I did notice a bug. I couldn’t highlight text with the trackpad. Samsung said I was using a pre-production model, and that this will be fixed with the final version.

The Book Cover Keyboard is a two-piece keyboard, meaning the keyboard can be separated from the back cover, which doubles as the kickstand. The kickstand can easily be adjusted to a variety of angles, and the top part of the cover also keeps the S Pen secure. It folds out at the top for easy S Pen access.

Samsung Galaxy Tab S6
Julian Chokkattu/Digital Trends

I’m quite satisfied with the improvements to the keyboard, but I’m not so happy about its $179 price tag. While it certainly is better than the Tab S4’s keyboard, it’s far too expensive. I would have liked to see it come included with the Tab S6, rather than be a separate addition.

10.5-inch screen, superior performance

The Galaxy Tab S6 has a 10.5-inch Super AMOLED screen with 2,560 x 1, 600 resolution. Using it near a window at noon, where there was a lot of glare, I could see the screen clearly. I’ll need to spend more time with it in a variety of conditions but expect to have no problems. Samsung also said it’s the first tablet to receive an HDR10+ certification, so expect an excellent viewing experience when watching HDR content in supported apps like Netflix.

The slimmed-down bezels mean content feels more immersive. Whether it’s Gmail, Google Maps, or Twitter, just about any app you’ll open looks fantastic. It’s on par with my experience using Apple’s redesigned iPad Pro models.

Samsung Galaxy Tab S6
Julian Chokkattu/Digital Trends

It might not be obvious, but there is a fingerprint sensor. It’s under the display, but it’s not using the same ultrasonic technology as the in-display fingerprint sensor on the Galaxy S10. It’s optical, so it’s not as secure, and likely not as responsive, but I haven’t had a chance to try it. I wish Samsung added a sensor to the keyboard or at least improved its face unlock tech to make it more secure and robust as Apple’s Face ID.

Qualcomm’s Snapdragon 855 processor keeps it all powered. Yep, you heard that right. Finally, we’re getting a superior chipset inside Samsung’s flagship tablet. In last year’s Tab S4, Samsung used the Snapdragon 835, which was already a year old. The Snapdragon 855, however, is in almost every 2019 flagship Android smartphone. You shouldn’t not any performance dips on the Tab S6, even in the most demanding games. This is a workhorse of a tablet, and it should be able to rival Apple’s latest iPad Pro on some fronts.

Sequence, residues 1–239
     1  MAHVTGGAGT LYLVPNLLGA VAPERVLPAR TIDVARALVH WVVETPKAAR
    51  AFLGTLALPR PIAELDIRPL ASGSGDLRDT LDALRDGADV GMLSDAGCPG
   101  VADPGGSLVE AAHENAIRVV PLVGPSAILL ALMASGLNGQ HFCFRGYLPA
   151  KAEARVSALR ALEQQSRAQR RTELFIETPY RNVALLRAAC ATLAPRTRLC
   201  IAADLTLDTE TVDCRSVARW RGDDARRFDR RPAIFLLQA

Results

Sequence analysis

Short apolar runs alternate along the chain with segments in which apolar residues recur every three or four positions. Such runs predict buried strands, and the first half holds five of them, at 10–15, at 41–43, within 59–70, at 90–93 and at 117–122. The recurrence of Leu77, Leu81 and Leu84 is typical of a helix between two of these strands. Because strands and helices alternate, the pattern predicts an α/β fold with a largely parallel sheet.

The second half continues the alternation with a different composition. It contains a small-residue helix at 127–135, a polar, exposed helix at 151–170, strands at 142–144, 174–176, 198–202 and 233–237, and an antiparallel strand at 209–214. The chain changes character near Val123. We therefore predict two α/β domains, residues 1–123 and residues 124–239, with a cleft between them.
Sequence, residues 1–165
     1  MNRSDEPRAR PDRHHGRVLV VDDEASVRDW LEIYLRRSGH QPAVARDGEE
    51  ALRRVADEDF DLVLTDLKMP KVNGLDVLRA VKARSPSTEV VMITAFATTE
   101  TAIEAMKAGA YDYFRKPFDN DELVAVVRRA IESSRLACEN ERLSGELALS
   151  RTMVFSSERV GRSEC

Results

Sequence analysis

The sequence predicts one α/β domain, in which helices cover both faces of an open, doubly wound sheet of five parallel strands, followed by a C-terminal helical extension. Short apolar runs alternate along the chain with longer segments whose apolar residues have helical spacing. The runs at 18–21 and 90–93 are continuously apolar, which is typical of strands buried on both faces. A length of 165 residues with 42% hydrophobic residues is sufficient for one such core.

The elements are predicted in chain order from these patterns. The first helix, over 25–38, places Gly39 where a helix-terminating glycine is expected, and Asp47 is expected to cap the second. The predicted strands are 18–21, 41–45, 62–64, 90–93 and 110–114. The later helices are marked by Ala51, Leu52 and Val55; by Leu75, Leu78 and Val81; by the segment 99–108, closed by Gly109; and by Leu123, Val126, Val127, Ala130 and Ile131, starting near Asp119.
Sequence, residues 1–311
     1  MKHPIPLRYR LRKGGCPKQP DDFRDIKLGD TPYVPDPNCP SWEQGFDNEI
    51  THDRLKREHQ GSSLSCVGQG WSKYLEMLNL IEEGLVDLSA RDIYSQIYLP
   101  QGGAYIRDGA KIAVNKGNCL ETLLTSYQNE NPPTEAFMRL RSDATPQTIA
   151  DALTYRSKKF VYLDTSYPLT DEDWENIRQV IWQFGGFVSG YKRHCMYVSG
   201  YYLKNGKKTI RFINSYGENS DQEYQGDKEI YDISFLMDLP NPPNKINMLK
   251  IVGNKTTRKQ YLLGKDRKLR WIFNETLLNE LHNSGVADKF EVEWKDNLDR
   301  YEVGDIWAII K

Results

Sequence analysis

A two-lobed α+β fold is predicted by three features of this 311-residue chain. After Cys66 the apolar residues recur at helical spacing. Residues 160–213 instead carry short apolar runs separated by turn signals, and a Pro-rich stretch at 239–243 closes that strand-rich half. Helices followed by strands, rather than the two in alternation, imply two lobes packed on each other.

Samsung has a new feature called Game Booster when running games, and it makes sure there isn’t a rogue app taking up processing power or battery life, to help improve your gaming experience. There’s a special Discord partnership that makes the communications app easier to directly access from the Game Booster overlay, so you don’t need to exit the game to talk to your friends.

It’s available with 6GB RAM and 128GB storage, or 8GB RAM and 256GB of storage, and there is a MicroSD card slot in case you want to add more.

Software, S Pen, and DeX mode

The Tab S6 runs Samsung’s One UI interface layered over Android 9 Pie. As a tablet, you may find the software isn’t as intuitive as iPadOS. But its secret trick is the built-in desktop mode.

DeX mode is a desktop version of Android that Samsung created and introduced a few years ago. It began as an interface you can activate when connecting one of its smartphones to a computer through a DeX Station or DeX Pad, but has since been integrated directly into Samsung’s tablets. The keyboard now has a dedicated button that lets you quickly switch to DeX mode — no need for swiping — and the interface is more laptop-friendly. You can even connect the Tab S6 to an external monitor and use it as a second screen.

Samsung Galaxy Tab S6
Julian Chokkattu/Digital Trends